Until recently, I had a dirty little secret. I write horoscopes. Or at least, I used to. Now it's not such a dirty little secret because a) I've just told you and b) there aren't that many horoscope clients left in my portfolio any more, anyway. But back in the day - oh yes. I was the BBC Slink teen astrologer for 13 years until the site closed last year and provided daily teen horoscopes throughout that time.
I also wrote the Metro daily horoscopes for a few years, and lots and lots of others too - I wrote baby horoscopes for a supermarket chain, beauty horoscopes for a major US beauty company, wedding horoscopes for numerous places, financial horoscopes for an insurance chain, more teen ones, monthly this time, for two exotic clients in Denmark and Finland... the list went on and on. I also wrote numerous 'one off' new year or valentine type horoscope features for big name women's mags - until one of them decided to use my work but give it a by-line of a very famous astrologer instead of using my own name. That all turned very nasty, that last one, and I try to forget. *Shudder*
You might think that this was a track record to be proud of. My husband, bless him, certainly thought so and would waste no time in telling people proudly about my various clients while I smiled through gritted teeth and quickly changed the subject. I wasn't particularly proud; not ashamed either, exactly, but, well, embarrassed. You see, as a professional astrologer. I know better than anyone that sun sign horoscopes are by their very nature generalisations at best and at worst a load of tosh. Telling someone that I was writing them made it sound as though I - and worse, every other member of my profession - truly believed that all Scorpios were going to win the lottery on Thursday, but not before their Leo partners had ditched them for the next door neighbour and run off to start a new life on the Costa del Sol. Bracing myself for the "but you don't actually believe all that stuff, do you?" question, it was easier to just move off the subject than try to defend *real* astrology and point out that I was just writing horoscopes because it paid well.
Recently I discovered an interesting article in a back issue of The Journalist magazine. It's all about the downturn in opportunities for freelance horoscope columnists, and I discovered that not only was I not alone in feeling faintly embarrassed about writing these things, but that I also wasn't alone in seeing many of my contracts be cut back or just cut all together over the last eighteen months. It's easy enough to see why, and it's not just because I personally upset all those editors. Well, not all of them. The article reports on junior office staff being sent for a quick day's training so that they can write the horoscopes themselves. There are also plenty of free horoscopes on offer out on the web, with no particular guarantee about the expertise of who has written them. And big names syndicate the same thing, over and over and over and over again, for peanuts as far as individual clients are concerned. Or there's always the DIY option - I have actually been told by one former client that the staff will just make them up from now on, without even any attempt to do it properly. After all, can the general public tell the difference? To an astrologer, reading that today mercury is opposite Leo or that Jupiter is in Venus (I'm not making this up) is kinda red flag material, but does Joe Public really know or care whether they're being fed rubbish?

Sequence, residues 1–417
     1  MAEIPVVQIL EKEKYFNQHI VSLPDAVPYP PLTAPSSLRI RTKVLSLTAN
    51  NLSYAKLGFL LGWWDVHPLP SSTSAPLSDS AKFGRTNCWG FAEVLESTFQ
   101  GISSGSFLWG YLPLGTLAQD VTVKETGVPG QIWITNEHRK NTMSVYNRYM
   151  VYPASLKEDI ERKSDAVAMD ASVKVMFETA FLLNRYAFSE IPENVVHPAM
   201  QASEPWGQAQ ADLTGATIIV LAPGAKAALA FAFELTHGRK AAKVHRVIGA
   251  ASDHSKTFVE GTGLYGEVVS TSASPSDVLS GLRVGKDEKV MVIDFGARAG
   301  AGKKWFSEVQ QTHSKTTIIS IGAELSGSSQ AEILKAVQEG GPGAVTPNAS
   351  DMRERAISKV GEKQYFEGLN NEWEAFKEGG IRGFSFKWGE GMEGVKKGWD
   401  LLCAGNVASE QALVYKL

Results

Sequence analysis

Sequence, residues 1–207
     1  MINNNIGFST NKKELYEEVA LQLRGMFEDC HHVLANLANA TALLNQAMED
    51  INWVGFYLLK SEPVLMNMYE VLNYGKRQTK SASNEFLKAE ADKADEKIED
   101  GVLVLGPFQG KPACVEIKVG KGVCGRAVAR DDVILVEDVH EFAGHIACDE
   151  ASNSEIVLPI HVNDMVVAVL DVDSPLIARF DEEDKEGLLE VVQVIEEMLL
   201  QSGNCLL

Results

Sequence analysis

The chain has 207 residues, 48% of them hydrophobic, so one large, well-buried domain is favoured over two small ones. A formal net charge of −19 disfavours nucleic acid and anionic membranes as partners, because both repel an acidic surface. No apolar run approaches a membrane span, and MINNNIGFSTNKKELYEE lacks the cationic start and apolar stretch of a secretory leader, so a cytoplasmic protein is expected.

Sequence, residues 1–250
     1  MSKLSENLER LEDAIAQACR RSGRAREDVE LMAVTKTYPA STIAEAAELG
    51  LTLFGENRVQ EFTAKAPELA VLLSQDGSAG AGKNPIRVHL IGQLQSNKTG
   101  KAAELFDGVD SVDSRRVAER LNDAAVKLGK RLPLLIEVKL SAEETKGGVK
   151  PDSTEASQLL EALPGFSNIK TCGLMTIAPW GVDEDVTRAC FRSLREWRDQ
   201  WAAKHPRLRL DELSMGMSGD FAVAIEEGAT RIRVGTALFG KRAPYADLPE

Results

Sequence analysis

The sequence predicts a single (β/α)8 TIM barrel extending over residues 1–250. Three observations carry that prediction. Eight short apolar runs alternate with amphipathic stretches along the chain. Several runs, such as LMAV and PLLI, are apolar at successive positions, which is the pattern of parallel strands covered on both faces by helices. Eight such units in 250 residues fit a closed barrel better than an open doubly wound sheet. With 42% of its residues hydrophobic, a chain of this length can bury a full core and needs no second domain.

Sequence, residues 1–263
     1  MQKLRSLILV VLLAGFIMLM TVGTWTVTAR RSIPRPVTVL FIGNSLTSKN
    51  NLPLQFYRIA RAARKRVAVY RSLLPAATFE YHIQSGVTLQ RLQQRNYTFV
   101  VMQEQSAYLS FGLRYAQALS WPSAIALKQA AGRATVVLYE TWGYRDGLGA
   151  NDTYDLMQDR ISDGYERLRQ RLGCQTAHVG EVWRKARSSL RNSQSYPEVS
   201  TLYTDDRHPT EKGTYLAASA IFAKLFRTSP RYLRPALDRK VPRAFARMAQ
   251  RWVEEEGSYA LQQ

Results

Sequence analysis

Perhaps it doesn't matter. After all, it's all "for entertainment purposes only". On the other hand, to find yourself suddenly dropped in favour of something cobbled together in the intern's coffee break can be irritating. Properly calculated and written with some thought, horoscopes can be very hard work, as anyone who writes or has written them will know. It's a lot of words and a constant demand; it's heavily time consuming and frankly a pain the bum to keep coming up with new and fresh ways of saying the same old thing, day in, day out. But you know, it's a steady income if you build up a good portfolio of clients. And it does mean that you can focus on your consultancy work or your other writing without the big pressure to make so much money from that; if horoscopes are paying the bills, it's easier to indulge your higher intentions elsewhere.
I still get regular enquiries from potential clients about horoscope writing. Only trouble is that the calibre of the enquiries has sunk through the floor. Nowadays most come from someone who clearly has no budget whatsoever or wants to pay £10 a week for exclusive daily horoscopes. Think I'll pass on those. Now that most of my old, comfy clients have gone, do I miss writing the dratted things? No. I miss the income, sure. And I miss writing for teens, because a lot of the feedback from that audience was very endearing - although my teen astrology book "Moon Surfing" is due out in October and will replace (says she hopefully) some of that buzz. But I don't miss the hard slog, or the vague discomfort of feeling that either the general public thinks you're a nutcase or that fellow astrologers think you're selling out. Am I still embarrassed about my track record? Do you know, I think I'm not. There are some beautifully written and professionally done horoscopes out there, from real astrologers, who work incredibly hard on them. It may be entertainment rather than 'serious astrology', but it's entertainment that takes a good deal of flair and skill to get right. I rather think, that now the dust has settled and I can look back with a rosy glow, I'm quite proud to have been in such good company.
And now, if you'll excuse me, I've just read my horoscope in the local rag, and apparently that tall, dark, handsome stranger is on his way towards all us Virgos, so I'd better powder my nose.